Friday, September 3, 2010

LANGOUSTINE


Poached Langoustine with Fresh Coconut Puree, and Thai Basil & Almond Pesto
I love having Fridays off, because that means - get up and get to Union Square to buy random odds and ends, then figure out what to do with them. Of course, after having a body high from my aforementioned smoothie (true), I wanted to get down there quick AND was a bit concerned about the looming hurricane.  With shopping bag, sunglasses, umbrella, and metrocard in hand, I hopped on the 6th downtown - and of course what happened when I got to the 23rd street station? Well, how can I pass up a trip to EATALY FOR THE SECOND TIME IN TWO DAYS! I couldn't fight the urge, so it just happened - seriously, it's like I was possessed by the devil. 

ON WE GO! It is still as good as before, and I seriously had to restrain myself from a) buying everything b) stalking Mario (which I'm sure he thinks is the case because I ran into him at least 5 times this morning) and c) drinking entirely too much espresso. They had JAMAICA BLUE MOUNTAIN COFFEE!
It's probably hard to read but that sign states "THE BEST ESPRESSO EVER". How can you do this to people!? It's true though - this is one of the most expensive and sought after coffees in the world - when I went to a coffee roasting company, it was made quite obvious, especially when you see other coffee beans toted in via massive burlap sacks, and these beans come in cute little mini barrels, and are still a billion times more expensive not even adjusting for volume. Granted there is always the Kopi Luwak Coffee, but I don't know if I'm yet up to eating beans that have been digested and "released" if you will by a strange cat/lemur/dog type of animal.

Bypassing the fishmonger I noticed they had fresh, wild langoustine. Please note that EVERY fishmonger I go to, I ask if they ever get a) langoustine b) Santa Barbara Spotted Prawns or c) South African "Crayfish". The answer I always get is either "??????" or "Nope". Serious let down - these are hands down some of the most delicious crustaceans around. 100 times better than lobsters. They are LIKE BUTTA - like TWO STICKS of butta. (PLEASE someone remember Mike Meyers on Coffee Talk!). But honestly they are - they're all very perishable, have a short season, and probably just get gobbled up by the locals instead of getting shipped out.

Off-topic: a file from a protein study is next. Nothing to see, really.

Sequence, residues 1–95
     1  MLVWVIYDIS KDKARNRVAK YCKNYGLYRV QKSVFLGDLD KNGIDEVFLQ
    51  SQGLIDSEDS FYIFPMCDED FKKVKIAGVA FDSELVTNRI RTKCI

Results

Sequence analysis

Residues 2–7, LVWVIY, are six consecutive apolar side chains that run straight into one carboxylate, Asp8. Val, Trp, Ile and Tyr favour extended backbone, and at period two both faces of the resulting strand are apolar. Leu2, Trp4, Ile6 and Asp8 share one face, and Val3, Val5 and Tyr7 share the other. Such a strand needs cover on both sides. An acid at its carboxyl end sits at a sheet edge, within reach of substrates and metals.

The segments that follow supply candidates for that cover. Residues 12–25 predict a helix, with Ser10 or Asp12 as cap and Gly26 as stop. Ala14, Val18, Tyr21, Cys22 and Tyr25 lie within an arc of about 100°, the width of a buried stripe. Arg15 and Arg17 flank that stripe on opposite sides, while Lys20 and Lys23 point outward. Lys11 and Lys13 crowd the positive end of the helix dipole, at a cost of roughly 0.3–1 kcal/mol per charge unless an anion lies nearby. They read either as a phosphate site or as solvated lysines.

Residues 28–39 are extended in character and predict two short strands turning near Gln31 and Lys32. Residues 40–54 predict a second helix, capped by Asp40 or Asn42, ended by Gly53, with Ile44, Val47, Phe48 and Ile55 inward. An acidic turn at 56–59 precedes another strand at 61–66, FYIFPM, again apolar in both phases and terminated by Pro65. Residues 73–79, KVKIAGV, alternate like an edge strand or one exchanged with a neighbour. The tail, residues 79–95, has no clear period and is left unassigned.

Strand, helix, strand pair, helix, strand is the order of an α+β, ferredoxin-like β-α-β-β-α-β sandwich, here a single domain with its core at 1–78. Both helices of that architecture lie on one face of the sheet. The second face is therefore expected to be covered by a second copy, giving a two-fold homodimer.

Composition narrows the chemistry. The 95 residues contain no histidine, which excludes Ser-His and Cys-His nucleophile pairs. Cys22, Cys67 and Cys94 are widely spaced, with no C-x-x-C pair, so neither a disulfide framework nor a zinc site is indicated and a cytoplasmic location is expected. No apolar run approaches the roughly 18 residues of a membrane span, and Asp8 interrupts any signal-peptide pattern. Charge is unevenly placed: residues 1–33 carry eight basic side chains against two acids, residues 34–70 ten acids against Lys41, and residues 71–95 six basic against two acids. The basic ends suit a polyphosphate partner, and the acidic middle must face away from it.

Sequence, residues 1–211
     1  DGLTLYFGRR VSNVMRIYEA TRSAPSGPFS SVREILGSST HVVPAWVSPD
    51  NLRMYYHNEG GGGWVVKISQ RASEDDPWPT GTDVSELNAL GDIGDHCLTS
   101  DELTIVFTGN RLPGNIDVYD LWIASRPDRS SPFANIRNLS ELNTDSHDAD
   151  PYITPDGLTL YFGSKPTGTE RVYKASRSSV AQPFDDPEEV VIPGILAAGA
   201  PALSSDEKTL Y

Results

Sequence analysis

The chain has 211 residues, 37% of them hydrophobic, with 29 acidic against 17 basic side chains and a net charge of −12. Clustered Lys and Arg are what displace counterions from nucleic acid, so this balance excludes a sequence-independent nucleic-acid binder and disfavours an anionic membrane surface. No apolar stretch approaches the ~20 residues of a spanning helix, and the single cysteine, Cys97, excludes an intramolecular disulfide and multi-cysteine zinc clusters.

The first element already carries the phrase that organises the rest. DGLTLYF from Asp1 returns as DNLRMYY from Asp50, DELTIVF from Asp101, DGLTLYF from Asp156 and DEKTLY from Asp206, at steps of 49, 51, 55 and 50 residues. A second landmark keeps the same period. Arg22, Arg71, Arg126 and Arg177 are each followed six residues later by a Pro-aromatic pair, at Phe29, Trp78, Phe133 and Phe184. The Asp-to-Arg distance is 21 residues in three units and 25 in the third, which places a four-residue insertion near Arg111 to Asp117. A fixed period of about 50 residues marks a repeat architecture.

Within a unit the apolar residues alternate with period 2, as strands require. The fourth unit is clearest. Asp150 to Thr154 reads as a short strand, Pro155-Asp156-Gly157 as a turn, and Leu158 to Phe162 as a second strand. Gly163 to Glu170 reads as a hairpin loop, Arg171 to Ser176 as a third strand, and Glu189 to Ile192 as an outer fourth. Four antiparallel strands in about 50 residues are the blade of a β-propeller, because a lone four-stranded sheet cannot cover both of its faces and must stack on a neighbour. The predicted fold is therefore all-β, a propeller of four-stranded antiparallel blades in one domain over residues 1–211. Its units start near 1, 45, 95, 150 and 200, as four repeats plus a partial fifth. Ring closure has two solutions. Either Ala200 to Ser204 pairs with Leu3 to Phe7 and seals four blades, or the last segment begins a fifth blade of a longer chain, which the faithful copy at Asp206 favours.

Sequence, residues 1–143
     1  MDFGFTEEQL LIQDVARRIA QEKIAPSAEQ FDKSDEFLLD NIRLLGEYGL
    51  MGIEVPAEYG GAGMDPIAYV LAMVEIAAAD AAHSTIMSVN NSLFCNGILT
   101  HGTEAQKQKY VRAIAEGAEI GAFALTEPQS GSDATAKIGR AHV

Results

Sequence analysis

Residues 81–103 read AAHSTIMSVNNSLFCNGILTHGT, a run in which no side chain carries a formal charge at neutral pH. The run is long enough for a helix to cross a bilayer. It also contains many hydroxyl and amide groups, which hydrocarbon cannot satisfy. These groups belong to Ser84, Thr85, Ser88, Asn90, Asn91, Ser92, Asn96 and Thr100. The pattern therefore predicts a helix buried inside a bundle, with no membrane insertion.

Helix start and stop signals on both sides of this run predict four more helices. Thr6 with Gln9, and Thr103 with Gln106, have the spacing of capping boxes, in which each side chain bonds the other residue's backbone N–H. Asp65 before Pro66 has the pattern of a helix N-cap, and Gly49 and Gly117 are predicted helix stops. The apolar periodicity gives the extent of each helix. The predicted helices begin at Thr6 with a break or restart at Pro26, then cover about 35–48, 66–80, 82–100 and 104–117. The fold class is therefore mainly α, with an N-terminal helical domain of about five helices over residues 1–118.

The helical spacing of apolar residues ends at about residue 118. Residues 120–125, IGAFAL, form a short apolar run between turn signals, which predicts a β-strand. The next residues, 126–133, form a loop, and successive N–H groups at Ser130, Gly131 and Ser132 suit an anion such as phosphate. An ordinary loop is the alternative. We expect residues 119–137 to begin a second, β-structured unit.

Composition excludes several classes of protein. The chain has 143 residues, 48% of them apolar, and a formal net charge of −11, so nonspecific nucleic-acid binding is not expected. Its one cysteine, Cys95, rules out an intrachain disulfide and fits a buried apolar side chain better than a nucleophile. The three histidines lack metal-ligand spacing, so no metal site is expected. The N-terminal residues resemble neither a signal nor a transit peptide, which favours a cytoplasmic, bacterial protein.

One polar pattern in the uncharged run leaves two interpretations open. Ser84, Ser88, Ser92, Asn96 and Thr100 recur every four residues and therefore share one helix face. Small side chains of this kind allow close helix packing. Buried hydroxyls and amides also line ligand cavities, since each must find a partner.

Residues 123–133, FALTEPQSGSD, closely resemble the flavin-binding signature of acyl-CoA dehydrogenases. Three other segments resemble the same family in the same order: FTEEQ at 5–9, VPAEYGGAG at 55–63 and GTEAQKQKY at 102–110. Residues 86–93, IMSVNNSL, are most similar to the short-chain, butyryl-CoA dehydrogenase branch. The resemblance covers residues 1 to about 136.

Santa Barbara Spot Prawns - best when alive and kicking - UNLESS they attack you, which I have experienced. And I'm traumatized. If they aren't alive when you purchase them, there's an enzyme that runs through the body, ruining the flesh.
MONSIEUR LANGOUSTINE! Welcome to ma maison! Would you like to hop in the hot tub??



Anyways - it looked like my lunch was bound to be delicious.  I perused the rest of the store as well as Union Square to chat with my homies, but couldn't wait to get home to cook for myself!

What to do....what to do. I couldn't get the taste or smell of that fresh coconut out of my head (probably also because it is STILL in my kitchen) so I knew I had to do SOMETHING with the remaining flesh.  Why not make a puree with some of the coconut milk!? Pure as snow indeed.  At a loss and hungry, I grabbed my ever so helpful Flavor Bible, and decided on making a Thai basil and almond pesto.  The thai basil is a bit more spicy and edgier than the Italian version most of us are used to - I have both growing in my apartment but the thai seemed more appropriate with the coconut.  Into the pestle!
Sorry buddy, that's what happens chez Katherine

Thank you Zabar's for giving me sudden urges to purchase random objects, you have been helpful.


Thai Basil - why not throw a few buds and flowers - I was picking them off anyway, might as well not let em go to waste!
The BEST olive oil. 2007. Antico Podere del Gualdo. Sinolea process (pricking each olive with little knives and letting the oil drip out). Fruity, herbaceous, vibrant, amazing.
Away we go! Get it? Pesto? Pestle?
While I was grinding away at the pesto (thai basil, a clove of garlic, a tablespoon of olive oil and a pinch of sea salt), I was bringing a pot of water to boil with some salt, bay leaves and crushed cardamom pods to add a hint of flavor to the langoustine - it honestly needs nothing though, and I cooked it so quickly it didn't make that much of a difference.
Pre-langoustine composition
I poached the tail, claws, and body separately, just until the flesh became opaque. Note: If you ever get langoustines or anything similar and are taking it out of the shell raw and want to preserve the almost candy-stripe coloring on the flesh, be sure to be very careful when take the tail-casing (casing? shell? armadillo?) off - I was very gentle with it so I could achieve the red and white striping for presentation. For myself. True story.
Et voila! Finished product.


I must say. This was delicious. The langoustine itself was amazing, buttery, rich, and creamy. I ate about half of it alone, and half with the pesto/coconut combination. Altogether, it was delicious, and something I definitely need to write down! The coconut with the pesto by itself was a delicious combination - again, it probably wouldn't be good using anything other than fresh coconut, but what the heck. Not bad for a Friday afternoon!

No comments: